Salads are your friend. They really are – and I'm glad I discovered this at a relatively early age.
If it were up to my father, I don't think salads would ever have graced our table. He has a long-standing and deep-rooted suspicion for all things green and crunchy and I remember my mom serving him ratatouille by spooning some onto his plate and then carefully carefully picking out the greenery, leaving only the tomato and mushroom/aubergine bits! The reason he always gave for not having salad was that eating lettuce was Very Dangerous. I think this stemmed from a visit in the 1970s to India, when he was advised not to eat things that had been washed in potentially dirty water, but he enthusiastically carried this piece of advice home to South Africa with him and made it his motto. So salads were generally off the menu when I was a child.
I think that what changed the entire family's view on salads was Cranzgot's in Plettenberg Bay. In the early 1980s we routinely rented holiday houses in Plett for school holidays, and at some point in the holiday we'd invariably get a takeaway pizza from Cranzgot's (the unusual name, by the way, comes from a JP Donleavy novel). My mom had never quite given up on getting us to eat salads, and persisted in annoying my father, living on the edge and daring to eat lettuce, so one day she pushed the boat out and ordered a salad to accompany the pizza. But not just any salad – a Cranzgot's cheese salad.
Now I can spin you all sorts of stories about why this salad converted us – the exotic greenery, the aged vinegar in the dressing, or the imported Italian plum tomatoes… but I'd be lying. The salad was absolutely standard – iceberg lettuce, tomatoes, cucumber and some sweet onions – and the dressing as I recall was sunflower oil and plain old spirit vinegar with some dried Italian herbs. No, what made this salad was the cheese. A veritable crust of grated cheddar and mozzarella covered the entire bowl, and even when you tossed the salad the ration of cheese to greenery was pretty good. So my cunning mother made sure the salad was properly tossed, forcing us to take some leaves to get at the cheesy bits, and in the process we realised that the whole lot together tasted pretty damn good. Even my dad was willing to nibble on a tomato, provided there was some cheese on it
And that is the story of how I became addicted to salads. Sadly, Cranzgot's have changed their recipe and moved with the times to incorporate all sorts of fancy ingredients. Which is a pity, because you should never mess with perfection.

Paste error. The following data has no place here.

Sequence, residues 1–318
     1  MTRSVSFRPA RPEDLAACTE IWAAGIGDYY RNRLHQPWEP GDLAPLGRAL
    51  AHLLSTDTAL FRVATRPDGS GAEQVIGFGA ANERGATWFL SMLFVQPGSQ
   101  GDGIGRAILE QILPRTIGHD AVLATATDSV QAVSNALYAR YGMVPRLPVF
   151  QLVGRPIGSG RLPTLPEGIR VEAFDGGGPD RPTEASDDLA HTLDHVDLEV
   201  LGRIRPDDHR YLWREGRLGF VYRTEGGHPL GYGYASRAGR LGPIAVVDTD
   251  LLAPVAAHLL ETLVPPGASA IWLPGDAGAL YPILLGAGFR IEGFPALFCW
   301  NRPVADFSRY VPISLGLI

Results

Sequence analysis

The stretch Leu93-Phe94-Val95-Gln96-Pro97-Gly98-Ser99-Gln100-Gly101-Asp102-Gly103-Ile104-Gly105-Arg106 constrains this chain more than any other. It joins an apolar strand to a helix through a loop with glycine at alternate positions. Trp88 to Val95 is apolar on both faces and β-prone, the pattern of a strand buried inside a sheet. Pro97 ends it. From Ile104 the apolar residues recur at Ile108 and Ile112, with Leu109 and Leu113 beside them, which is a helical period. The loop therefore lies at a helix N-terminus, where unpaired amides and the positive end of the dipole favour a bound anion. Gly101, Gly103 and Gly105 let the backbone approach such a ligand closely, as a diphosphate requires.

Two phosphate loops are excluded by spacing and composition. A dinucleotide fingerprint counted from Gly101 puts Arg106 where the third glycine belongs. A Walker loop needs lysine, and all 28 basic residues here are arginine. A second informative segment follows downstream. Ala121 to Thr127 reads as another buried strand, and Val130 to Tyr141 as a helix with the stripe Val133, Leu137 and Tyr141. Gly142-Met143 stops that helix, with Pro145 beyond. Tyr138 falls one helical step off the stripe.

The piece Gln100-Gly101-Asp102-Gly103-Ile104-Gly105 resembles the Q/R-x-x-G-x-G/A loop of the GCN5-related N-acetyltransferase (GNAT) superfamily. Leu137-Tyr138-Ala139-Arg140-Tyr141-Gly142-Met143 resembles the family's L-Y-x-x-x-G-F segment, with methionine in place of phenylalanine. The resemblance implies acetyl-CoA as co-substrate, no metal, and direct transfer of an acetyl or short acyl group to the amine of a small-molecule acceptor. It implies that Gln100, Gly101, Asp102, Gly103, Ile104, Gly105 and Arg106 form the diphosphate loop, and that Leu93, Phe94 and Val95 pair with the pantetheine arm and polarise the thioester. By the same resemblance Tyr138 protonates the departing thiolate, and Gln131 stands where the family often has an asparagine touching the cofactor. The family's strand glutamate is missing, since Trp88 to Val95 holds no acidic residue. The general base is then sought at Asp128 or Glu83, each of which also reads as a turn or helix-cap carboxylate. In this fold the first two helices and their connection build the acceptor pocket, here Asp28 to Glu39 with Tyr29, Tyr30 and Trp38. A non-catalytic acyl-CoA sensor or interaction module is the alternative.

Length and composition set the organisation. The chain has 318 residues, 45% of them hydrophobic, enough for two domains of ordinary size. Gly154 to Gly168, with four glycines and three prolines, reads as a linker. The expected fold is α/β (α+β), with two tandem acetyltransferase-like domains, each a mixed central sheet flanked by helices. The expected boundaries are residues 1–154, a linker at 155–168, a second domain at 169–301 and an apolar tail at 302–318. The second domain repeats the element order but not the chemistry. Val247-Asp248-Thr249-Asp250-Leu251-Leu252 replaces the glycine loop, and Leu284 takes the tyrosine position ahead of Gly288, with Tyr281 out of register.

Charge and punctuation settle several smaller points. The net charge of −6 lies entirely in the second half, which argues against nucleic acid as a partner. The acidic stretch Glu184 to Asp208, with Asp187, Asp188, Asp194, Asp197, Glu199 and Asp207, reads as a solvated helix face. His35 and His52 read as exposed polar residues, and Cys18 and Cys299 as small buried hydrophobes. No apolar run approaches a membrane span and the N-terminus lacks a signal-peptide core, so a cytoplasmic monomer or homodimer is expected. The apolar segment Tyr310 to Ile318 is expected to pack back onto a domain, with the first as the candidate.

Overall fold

Now in South Africa, I was happy to east crisp, lettuce-based salads all year round, but here in London it's very hard to work up enthusiasm for a cool, crunchy salad when there's frost on the ground. So I've had to expand my salad horizons and find some more substantial (and potentially warm!) salad options, like this one. It was inspired by a salad I sometimes buy from Krüger for lunch and I dolled it up a little. You can either soak and boil dried chickpeas for a better flavour, or you can use well-drained tinned chickpeas. Go heavy on the basil as it's the key ingredient.
There's not much I can say about basil that hasn't been said before – not for nothing did it win the Herb of the Year poll over at Kalyn's Kitchen! So instead, I'll leave you with some basil trivia collected from around the Web:
Egypt is the world's principal source of basil,followed by the USA.
Basil means "kingly" or "royal" in Greek and it was believed that only the king himself should be allowed to cut basil, with a golden sickle.
Roman doctors, on the other hand, believed that basil would only grow if its cultivators sowed the seeds while screaming wild curses.
Another ancient superstition was that basil had the power to propagate scorions, and that a basil leaf left under a pot would eventually turn into a scorpion.
In Romania, accepting a sprig of basil from a girl meant that a boy was engaged.
There is a type of basil is revered in the Hindu faith and good Hindus go to their eternal rest with a few of these basil leaves on the right hand side of the body.
As you might have guessed, I am submitting this post to Scott of Real Epicurean who is hosting this week's edition of Weekend Herb Blogging, brainchild of my friend Kalyn and now administered by the lovely Haalo.
CHICKPEA SALAD WITH BASIL, OLIVES, RED ONION & FETA (serves 4-6 as a side salad)
1 400g tin chickpeas, drained
1/2 a sweet red onion
100g feta cheese, crumbled
a generous handful of fresh basil leaves
12-15 pitted olives, sliced
3-4 Tbsp mild olive oil
salt and pepper to taste
Chop the onion very finely and chiffonade the basil leaves. In a large bowl, mix the chickpeas, basil, onion, sliced olives and crumbled feta cheese.
Add the olive oil and a glug of lemon juice, toss well and check for seasoning. Add a good grind of black pepper and salt to taste.
If you want this as a warm salad, prepare everything else and then heat the chickpeas, either in the microwave or on the stovetop in their canning liquid. Drain, mix as above and serve warm.